(20.0% - 18.0%) × (4.00% - 0.86%) = 0.0628%.

Question #5 of 12

B) Yes, but only in the technology sector.

Explanation

To answer this question, examine the return for the manager against the return for the benchmark in

each sector. Matson's return in the consumer durables sector was 2% versus 3% for the benchmark,

so he did not outperform the benchmark for security selection in this sector. However, the return for

the manager in the technology sector was 2.6% versus -2% for the benchmark, so he did outperform

the benchmark for security selection in this sector.

No calculations are needed to reach the above conclusions. However, the within-sector allocation

returns can be calculated by multiplying the difference between the portfolio and benchmark return in

each sector by the benchmark's weight. For the consumer durables sector, it is (2.0% - 3.0%) × 35%

= -0.35%. For the technology sector, it is (2.6% + 2.0%) × 16% = 0.736%.

Question #6 of 12

B) Yes, in both agricultural and utilities sectors.

Explanation

To answer this question, multiply the difference in weightings for the manager and the benchmark by

the difference in returns for the manager and the benchmark in each sector. In the agricultural

sector, this is (4% - 6%) × (-2% + 1%) = 0.02%. In the utilities sector, this is (12% - 10%) × (4% +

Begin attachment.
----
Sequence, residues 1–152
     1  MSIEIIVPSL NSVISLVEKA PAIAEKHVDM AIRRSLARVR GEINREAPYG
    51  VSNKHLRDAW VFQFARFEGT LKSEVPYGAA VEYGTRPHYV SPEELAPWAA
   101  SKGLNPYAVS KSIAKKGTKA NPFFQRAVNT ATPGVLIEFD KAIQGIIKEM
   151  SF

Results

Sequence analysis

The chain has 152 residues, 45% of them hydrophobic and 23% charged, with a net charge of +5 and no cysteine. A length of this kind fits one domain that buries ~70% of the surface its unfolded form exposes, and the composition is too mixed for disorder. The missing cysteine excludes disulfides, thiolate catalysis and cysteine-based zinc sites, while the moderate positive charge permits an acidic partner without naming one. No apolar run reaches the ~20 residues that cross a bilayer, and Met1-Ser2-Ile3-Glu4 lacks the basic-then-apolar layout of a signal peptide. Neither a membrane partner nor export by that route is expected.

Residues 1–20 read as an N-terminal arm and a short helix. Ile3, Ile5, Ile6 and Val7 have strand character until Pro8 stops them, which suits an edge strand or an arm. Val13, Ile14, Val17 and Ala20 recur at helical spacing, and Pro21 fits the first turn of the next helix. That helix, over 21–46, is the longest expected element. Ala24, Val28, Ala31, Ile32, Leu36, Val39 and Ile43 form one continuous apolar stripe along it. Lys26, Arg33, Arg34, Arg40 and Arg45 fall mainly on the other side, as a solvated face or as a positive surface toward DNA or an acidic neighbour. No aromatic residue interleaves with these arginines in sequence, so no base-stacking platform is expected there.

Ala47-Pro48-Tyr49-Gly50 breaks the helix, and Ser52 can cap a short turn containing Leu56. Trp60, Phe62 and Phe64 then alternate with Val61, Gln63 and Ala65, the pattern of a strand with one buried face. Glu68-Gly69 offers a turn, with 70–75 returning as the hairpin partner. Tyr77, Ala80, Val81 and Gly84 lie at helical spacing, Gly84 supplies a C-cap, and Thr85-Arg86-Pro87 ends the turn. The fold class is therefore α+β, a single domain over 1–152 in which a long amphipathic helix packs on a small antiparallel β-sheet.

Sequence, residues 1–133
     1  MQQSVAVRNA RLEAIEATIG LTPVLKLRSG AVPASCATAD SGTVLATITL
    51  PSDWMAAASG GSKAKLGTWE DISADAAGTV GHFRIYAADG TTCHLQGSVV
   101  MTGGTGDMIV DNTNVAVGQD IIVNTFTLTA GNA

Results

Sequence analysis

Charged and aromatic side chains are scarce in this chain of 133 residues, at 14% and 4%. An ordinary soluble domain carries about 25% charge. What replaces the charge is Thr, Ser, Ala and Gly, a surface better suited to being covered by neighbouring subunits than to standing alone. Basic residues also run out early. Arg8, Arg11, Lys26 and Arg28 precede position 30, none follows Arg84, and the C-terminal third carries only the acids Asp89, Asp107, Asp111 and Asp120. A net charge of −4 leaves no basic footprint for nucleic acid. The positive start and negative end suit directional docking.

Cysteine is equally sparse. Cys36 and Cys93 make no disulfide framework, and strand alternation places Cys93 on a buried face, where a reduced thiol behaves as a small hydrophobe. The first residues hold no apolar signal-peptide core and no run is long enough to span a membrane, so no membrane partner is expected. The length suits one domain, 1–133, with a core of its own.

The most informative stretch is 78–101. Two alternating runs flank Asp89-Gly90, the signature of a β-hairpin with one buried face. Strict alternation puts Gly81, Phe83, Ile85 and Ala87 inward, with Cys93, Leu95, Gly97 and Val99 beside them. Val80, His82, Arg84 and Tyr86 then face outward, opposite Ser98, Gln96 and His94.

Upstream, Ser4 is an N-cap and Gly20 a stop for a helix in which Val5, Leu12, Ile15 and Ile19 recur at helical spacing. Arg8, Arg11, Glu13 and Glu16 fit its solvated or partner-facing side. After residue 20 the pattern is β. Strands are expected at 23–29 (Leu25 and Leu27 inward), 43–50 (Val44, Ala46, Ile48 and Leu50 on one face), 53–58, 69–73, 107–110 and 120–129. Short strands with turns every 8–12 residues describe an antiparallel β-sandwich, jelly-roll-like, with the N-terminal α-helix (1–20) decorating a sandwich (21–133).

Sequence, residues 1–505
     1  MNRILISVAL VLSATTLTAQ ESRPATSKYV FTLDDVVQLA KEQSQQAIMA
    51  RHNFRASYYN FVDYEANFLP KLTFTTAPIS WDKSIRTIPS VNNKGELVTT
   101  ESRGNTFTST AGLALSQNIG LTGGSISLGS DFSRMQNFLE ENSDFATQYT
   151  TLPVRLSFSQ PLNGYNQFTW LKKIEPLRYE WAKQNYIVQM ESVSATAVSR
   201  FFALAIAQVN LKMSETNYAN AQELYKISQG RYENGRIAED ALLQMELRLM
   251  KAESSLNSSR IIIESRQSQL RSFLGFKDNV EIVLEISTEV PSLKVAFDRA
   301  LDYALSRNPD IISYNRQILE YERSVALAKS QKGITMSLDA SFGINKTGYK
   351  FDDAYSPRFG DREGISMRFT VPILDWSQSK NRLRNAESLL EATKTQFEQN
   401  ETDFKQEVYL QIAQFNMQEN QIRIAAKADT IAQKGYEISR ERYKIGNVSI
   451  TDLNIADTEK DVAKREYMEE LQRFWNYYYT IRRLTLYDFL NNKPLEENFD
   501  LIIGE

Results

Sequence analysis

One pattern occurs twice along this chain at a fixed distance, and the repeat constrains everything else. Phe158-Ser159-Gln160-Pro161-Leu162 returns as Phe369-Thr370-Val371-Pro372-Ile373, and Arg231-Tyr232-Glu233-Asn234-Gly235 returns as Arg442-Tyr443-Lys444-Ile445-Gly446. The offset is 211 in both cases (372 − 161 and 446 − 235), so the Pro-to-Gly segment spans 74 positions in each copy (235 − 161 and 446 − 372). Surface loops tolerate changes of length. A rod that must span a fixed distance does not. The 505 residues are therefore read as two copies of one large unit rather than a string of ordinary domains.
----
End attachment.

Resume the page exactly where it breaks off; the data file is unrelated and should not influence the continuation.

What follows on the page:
2%) = 0.12%.

Question #7 of 12

B) both are incorrect.

Explanation

Willis is incorrect. Endowments are not taxable entities so the tax advantage of the municipal bonds

is not a valid reason for the endowment to consider the municipal bonds. Dunn is incorrect.

Endowments typically have a high ability and willingness to take risk because of their infinite time

horizon. It is also imprudent for Dunn to state whether an investment is appropriate for National until

he has reviewed the investment policy statement.

Question #8 of 12

C) 6.70%.

Explanation

The M-squared measure for the Jaguar fund is 11.11%.

To calculate the M-squared ratio for Jaguar, use the following formula:

Comparing the 11.11% to the return on the market of 10%, the Jaguar fund has superior

performance. The M-squared measure for the Theta fund is 11.22%, which indicates that the Theta

fund has superior performance relative to both the market and Jaguar fund.

Question #9 of 12

B) 0.32.

Explanation

The Sharpe ratio for Theta would be calculated as:

The Sharpe ratio for the Jaguar fund is 0.31, which indicates that the Theta fund has superior